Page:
I just got a free 1000' roll of messenger aluminum braid RG-11 with connectors and crimping tool. It was expensive to ship, but rest assured, it'll be used here.

    That page is a real eye-opener. I suggest reading the graph there.

    I regularly run 700 watts on 160 CW through RG-6 and F connectors, and I know people who run 1500 watts through it.

    Why waste money on 50 ohm feedline if you don't need it? Think of all the money saved towards more important things.
     
  12. W0BTU

    W0BTU Ham Member QRZ Page

    See there? Another happy 75 ohm customer. ;)

    Pay attention to the man, son! :)

    I have used those to match 50 ohms on the tower to 3/4" 75 ohm hardline. How can you get anything simpler OR better than those? They are so simple and easy to make.

    Used to? Sounds like there wasn't much demand for them.

    At any rate, for HF I'm using a Collins 312B-4 that I recalibrated for 75 ohms 30 years ago. Works for me.

    For VHF and UHF I made my own direction couplers from a chunk of copper-braid RG-11/U. The old thread-wires-under-the-shield trick.
     
  13. W9JSW

    W9JSW Ham Member QRZ Page

    Get yourself a good crimping tool and the silicone grease filled f-connectors with rubber o-rings. Very solid, weatherproof connections will result. These connectors are a darker, dull looking metal as opposed to the shiny silver or gold ones.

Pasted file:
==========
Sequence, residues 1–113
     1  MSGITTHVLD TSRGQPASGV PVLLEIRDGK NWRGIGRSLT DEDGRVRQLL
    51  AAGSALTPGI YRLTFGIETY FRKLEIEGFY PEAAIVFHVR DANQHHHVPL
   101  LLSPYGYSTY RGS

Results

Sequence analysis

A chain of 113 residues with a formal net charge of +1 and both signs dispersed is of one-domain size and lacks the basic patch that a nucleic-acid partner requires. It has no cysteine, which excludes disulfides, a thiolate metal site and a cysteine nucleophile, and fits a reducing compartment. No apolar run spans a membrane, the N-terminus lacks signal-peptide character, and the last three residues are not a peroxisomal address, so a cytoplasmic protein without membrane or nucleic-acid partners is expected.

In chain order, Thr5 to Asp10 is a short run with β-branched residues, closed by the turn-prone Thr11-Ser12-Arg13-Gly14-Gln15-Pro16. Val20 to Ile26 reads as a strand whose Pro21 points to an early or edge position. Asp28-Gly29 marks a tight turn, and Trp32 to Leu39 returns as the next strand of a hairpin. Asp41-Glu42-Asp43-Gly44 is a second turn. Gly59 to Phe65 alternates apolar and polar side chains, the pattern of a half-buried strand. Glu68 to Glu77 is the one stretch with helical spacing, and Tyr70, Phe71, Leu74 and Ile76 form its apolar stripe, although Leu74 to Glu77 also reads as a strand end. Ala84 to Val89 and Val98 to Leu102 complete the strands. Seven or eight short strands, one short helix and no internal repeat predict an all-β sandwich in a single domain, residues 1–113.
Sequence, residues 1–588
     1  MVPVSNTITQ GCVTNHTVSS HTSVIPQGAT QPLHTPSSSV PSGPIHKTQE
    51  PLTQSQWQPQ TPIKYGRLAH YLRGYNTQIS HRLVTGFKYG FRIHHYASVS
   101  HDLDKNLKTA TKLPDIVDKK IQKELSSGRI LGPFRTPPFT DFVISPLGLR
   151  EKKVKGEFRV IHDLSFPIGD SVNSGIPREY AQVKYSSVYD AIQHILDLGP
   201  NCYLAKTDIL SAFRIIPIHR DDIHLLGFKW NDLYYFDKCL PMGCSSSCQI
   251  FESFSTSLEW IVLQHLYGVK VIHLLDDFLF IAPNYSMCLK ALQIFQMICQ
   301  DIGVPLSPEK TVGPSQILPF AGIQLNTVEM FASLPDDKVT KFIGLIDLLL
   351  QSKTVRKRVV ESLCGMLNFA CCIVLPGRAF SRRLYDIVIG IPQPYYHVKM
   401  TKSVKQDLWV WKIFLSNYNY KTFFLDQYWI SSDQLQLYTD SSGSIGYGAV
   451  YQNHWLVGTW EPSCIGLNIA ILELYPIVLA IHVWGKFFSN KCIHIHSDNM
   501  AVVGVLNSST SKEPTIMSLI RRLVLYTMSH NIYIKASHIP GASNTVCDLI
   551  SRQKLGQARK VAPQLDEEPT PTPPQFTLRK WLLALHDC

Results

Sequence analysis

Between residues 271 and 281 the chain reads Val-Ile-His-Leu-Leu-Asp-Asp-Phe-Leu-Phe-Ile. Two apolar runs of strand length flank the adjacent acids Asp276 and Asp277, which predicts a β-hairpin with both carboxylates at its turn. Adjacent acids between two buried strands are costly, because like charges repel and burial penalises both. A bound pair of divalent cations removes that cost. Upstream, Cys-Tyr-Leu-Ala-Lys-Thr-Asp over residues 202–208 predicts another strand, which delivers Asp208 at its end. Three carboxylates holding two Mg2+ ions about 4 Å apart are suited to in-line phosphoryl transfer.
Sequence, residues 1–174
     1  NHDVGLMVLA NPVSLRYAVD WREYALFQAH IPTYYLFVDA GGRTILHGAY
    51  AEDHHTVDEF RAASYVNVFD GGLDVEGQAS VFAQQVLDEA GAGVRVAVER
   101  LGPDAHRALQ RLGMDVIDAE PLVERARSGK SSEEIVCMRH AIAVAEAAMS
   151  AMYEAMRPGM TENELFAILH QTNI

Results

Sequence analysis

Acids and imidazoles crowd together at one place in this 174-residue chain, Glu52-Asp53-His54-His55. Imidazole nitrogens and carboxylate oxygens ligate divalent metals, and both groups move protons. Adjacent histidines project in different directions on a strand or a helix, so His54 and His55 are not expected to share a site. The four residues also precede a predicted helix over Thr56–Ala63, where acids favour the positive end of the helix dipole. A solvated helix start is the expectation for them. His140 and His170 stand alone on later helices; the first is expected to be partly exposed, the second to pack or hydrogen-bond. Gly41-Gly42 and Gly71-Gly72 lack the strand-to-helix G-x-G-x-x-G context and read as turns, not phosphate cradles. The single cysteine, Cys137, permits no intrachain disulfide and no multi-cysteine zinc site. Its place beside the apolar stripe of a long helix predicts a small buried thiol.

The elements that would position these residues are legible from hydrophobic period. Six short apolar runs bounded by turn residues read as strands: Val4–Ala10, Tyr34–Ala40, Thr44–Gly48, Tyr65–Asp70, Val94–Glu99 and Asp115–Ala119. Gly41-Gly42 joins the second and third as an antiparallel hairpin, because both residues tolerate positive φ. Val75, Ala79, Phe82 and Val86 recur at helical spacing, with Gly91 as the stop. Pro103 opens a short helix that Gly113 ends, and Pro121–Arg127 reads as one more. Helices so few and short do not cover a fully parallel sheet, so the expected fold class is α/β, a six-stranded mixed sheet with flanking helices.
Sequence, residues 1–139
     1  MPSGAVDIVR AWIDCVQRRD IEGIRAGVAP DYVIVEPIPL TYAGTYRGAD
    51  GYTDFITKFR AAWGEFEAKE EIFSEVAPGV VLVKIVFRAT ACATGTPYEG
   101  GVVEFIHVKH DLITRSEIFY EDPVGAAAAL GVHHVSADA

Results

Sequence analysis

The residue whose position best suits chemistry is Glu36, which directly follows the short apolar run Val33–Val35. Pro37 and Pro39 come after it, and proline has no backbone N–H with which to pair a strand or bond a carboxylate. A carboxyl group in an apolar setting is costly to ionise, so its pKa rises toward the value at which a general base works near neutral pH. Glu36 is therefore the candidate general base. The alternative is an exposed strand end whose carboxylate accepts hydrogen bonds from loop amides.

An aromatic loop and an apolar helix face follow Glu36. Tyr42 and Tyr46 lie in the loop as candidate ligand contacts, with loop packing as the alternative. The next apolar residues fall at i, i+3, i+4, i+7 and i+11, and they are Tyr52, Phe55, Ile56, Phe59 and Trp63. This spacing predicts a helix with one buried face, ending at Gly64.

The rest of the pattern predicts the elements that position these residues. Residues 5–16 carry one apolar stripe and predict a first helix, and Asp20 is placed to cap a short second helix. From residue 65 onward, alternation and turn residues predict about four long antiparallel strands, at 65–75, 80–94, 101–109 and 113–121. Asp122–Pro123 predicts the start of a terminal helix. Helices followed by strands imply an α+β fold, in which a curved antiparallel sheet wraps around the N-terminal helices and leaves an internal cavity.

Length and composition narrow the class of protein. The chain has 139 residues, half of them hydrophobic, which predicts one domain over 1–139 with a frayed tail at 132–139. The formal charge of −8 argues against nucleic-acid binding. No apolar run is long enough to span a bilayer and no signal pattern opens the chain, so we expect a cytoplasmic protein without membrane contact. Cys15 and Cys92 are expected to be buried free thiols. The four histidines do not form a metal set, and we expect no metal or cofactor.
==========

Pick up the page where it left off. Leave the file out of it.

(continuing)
Last edited: Jan 9, 2011
  14. W0BTU

    W0BTU Ham Member QRZ Page

    Where do you get those connectors?

    I have some as you describe, gold colored. The problem with them is that they don't grip the cable right and can pull out, even when tightly crimped.
     
  15. 4L4AGU

    4L4AGU Ham Member QRZ Page

    I'm doing satellite installations for customers for several years, and since I has certain experience with RG-6, let me share it with you:

    1. Good quality RG-6 cable is not any cheaper than any comparable 50 ohm cable.
    2. Same applies to F connectors. Quality ones cost about $3 each. Sure, there are offers when you can get pack of 100 for $7, but that's not the right quality.
    3. Good quality crimping tool costs around $100.